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The Lufkin News

Unprecedented growth: Record-page editions, Newsprint changes mark LDN's evolution from 1932 to '57

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Posted: Thursday, February 22, 2007 12:00 am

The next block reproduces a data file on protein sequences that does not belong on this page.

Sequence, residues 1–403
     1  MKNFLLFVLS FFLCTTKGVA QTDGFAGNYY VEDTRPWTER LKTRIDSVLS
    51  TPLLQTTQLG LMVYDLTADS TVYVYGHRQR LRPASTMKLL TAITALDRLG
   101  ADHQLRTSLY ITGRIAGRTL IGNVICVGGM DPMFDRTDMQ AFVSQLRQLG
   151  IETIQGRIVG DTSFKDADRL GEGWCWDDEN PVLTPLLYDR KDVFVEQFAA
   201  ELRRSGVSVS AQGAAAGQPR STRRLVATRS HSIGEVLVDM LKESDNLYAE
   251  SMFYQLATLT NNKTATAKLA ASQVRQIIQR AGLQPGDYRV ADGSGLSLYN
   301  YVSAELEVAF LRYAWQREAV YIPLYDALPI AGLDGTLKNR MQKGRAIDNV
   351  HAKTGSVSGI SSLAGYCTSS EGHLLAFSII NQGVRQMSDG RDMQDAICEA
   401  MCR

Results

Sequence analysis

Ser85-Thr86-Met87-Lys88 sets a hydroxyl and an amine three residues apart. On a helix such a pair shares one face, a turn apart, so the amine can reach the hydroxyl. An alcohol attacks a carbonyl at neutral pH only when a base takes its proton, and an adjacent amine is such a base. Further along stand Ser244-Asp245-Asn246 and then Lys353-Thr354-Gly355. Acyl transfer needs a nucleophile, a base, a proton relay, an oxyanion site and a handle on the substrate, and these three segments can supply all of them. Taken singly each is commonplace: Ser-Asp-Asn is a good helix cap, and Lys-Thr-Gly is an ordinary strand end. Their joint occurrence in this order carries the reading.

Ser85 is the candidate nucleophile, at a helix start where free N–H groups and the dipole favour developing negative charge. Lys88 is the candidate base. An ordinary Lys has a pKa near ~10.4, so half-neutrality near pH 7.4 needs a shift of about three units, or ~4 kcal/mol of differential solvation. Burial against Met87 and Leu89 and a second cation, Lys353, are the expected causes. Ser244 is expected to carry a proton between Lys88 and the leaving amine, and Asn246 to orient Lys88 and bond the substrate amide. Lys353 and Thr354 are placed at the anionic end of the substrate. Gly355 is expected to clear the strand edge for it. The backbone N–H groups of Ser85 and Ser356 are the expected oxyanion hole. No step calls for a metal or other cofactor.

Lufkin and Angelina County emerged from the Great Depression as an industrial post-World War II powerhouse for East Texas with the growth of three of its largest employers - Lufkin Foundry and Machine Company, Texas Foundries and Southern Pine Lumber Company. The era also saw the creation of a fourth major industry, Southland Paper Mills Inc., the first facility to produce Newsprint from Southern pine wood fiber, an achievement in which The Daily News played a supporting role and set records for the size of local Newspaper editions. In 1932, still under the ownership of George E. Watford and W.C. Binion, the Daily News acquired a second linotype machine that, with the purchase of a new Duplex flat-bed web printing press, reflected a growth in the number of pages being printed each week. The improvements were needed because in 1932 the Newspaper published a record 50-page edition carrying the News that a mill designed to make Newsprint from East Texas pines would located a few miles east of Lufkin. In 1934, the Newspaper acquired new owners when a group of Lufkin businessmen - all of them associated with Lufkin's major industries - purchased both the Lufkin Daily News and the Lufkin Weekly News from Watford and Binion. The new owners included J.H. Kurth, the founder of Angelina County Lumber Company; W.C. Trout, who had moved to Lufkin from Wisconsin to run Lufkin Foundry and Machine Company; and Mrs. S.W. Henderson Sr., and S.W. Henderson Jr., also members of an Angelina County Lumber Company founding family. The three families, particularly Ernest L. Kurth, Joseph Kurth's son, had been in the forefront of bringing the Newsprint industry to Lufkin. A year later, the News moved from Cotton Square to a new location on the south side of East Lufkin Avenue and published a 64-page edition to commemorate the opening of its new facilities, setting another printing record for Lufkin. That same year, C.S. Broyles Jr. and Jack McDermott, as co-editors, began publishing a Sunday edition and discontinued its Saturday edition. During the coming years, the Newspaper scored several firsts as a small daily Newspaper. A staff reporter was sent to tour Texas with President Franklin D. Roosevelt in 1936 and another reporter was sent to Palo Alto, Calif., to cover the 1936 Rose Bowl game between Southern Methodist University of Dallas and Stanford University. At home, the Daily News also became one of the first in the South to completely air-condition its offices. On Jan. 14, 1940, the Newspaper set another publishing record that still stands - a 288-page edition marking the completion of Southland Paper Mills, Inc. And on Tuesday, Jan. 23, the News took note of the mill's first roll of Newsprint with a story that was almost pushed from the front page by a sudden winter storm. Below a banner headline reporting the storm, a smaller, one-column headline recorded an event that occurred that morning in the News pressroom. The story reported: "This issue of the News is printed on Roll No. 1 from the Southland Paper Mills, Inc., Lufkin. The paper you hold in your hand is off the first run of commercially produced southern pine Newsprint in the world." The 1,445-pound roll of white paper trucked to the Lufkin Newspaper from the Herty Newsprint mill in late January 1940, carrying a label stamped "No. 1," was symbolic of the enormous changes that subsequently occurred in America's Newsprint and Newspaper industries, the economy of East Texas, and Lufkin's own industrial economy. * It was the first time Newsprint - the basic commodity of all Newspapers - had been made commercially from the southern pine trees that have existed for centuries in the South. * It was the first time paper of any kind had been produced in an East Texas community. * It was the first time a complete daily Newspaper in Texas had been printed with southern-made Newsprint. In 1943, one of the News' most dynamic publishers, W.R. (Beau) Beaumier, who had arrived in Lufkin in 1941 from Beaumont to become manager of the Chamber of Commerce, was named president and general manager of the Lufkin Publishing Company. He held the position until his death in 1965. As a chamber of commerce manager, Beaumier guided Lufkin through a number of civic projects and as a Newspaper publisher he maintained his role as a civic leader, serving as chamber president in 1946, governor of Rotary Club District No. 190, president of the Angelina County Community Chest, and in other roles. During his career, Beaumier wrote one of the Newspaper's most popular columns, "I Could Be Wrong," and amassed a multitude of Newspaper, civic, religious and youth honors. Beaumier's office at the Newspaper office was on a second floor office with a window overlooking the editorial, advertising and business offices. Each afternoon, as the day's edition was being published, the first copy of the press run was carried up the stairs to Beaumier's office by a pressman. A former reporter tells this story: "If there was anything Beau didn't like about the paper, or if he spotted an error, you could hear him clip-clopping down the wooden stairs at high speed, heading for the pressroom. He was the first man I ever heard holler, 'Stop the presses.' " During his era with The Daily News, Beaumier served as president of the North and East Texas Press Association, the Texas Press Association, and the Texas Gulf Coast Press Association. One of the editors who served under Beaumier was Bill Bogart, who came to Lufkin after a career with the Tyler Courier-Times-Telegram. Like Beaumier, Bogart was widely known in Lufkin for his community efforts, but in the Newsroom he was known for his hard-driving coverage of local News. But Bogart was also a caring, sympathetic individual. He once took a cub reporter aside and gave him a stern lecture about misspelling the name of a man who died. "When a man dies, that may be the last time his name appears in print. Don't you think he deserves to have it spelled right?" Bogart served at the News until 1969 when he returned to Tyler to become the editor of the Courier-Times-Telegraph. He was later killed in an automobile collision on a Dallas freeway while en route to attend a Newspaper conference. Bob Bowman is a local author and historian who owns Best of East Texas Publishing Company in Lufkin. The Lufkin News' employees gathered in front of the Newspaper office on Lufkin Avenue in 1957 for a group photo. Pictured from the left are Doyle Womack, Ricky Pezdirtz, James Masters, Kenneth Barfield, Billie Bostick, Elbert Pirtle, Marie Leatherwood, unknown, W.R. "Beau" Beaumier, Joe Murray Sr., Naomi Wright, Lowell Reid, Eloise Collins, Mollie Avery, Dick Hollers, Virginia Bryant, Buddy Ivie, Shorty Lamar, Fred Bell, Bee Landrum, Bob White and Hal Whitley. Lufkin Daily News file photo Co-editors of The Lufkin Daily News in 1935 were C.S. Broyles Jr. and Jack McDermott. The Newspaper began publishing a Sunday edition that same year. Lufkin Daily News file photo The June 6, 1944, front page of The Lufkin Daily News. Lufkin's 1943 high school football team was the first to play in the state finals. the team lost to San Angelo, 26-13, in Dallas. First row, from the left: Ed Parrish, Huda Green, James Mott, Buddy McKinney, Jesse Bolles, Oliver McKay, Ernest Lord, J.C. Koch and Bert Westmoreland. Second row from left: Elton Beaird, Walter Still, Kenneth Outlaw, Chester Moore, Buddy Shotwell, Joe Tilley, Thomas Lee Roebuck, Carl Peppard, Joe Fontenot and Richard Lewis. Third row from the left: Coach Buck Prejean, Bobby Musslewhite, Arthur Leggett, Stanley Beck, Tom Tatum, Carl Bassey, Pete Hughes, Pete Runnels, Harmon Carswell and Coach Watty Myers. Fourth row from the left: Richard Cox, Talmadge Garner, Ernest Rutland, Ernest Bartlett, Leroy Lott, Don Patterson, Jack Ivy, Everett Griffith, H.J. Shands Jr., Robert Booker and Bobby Medford. Not shown is Les Taylor. Photo from Land of the Little Angel The Jan. 23, 1940, front page of The Lufkin Daily News. A small story in that day's paper reported: "This issue of the News is printed on Roll No. 1 from the Southland Paper Mills Inc., Lufkin. The paper you hold in your hand is off the first run of commercially produced southern pine Newsprint in the world." Lufkin Daily News file photo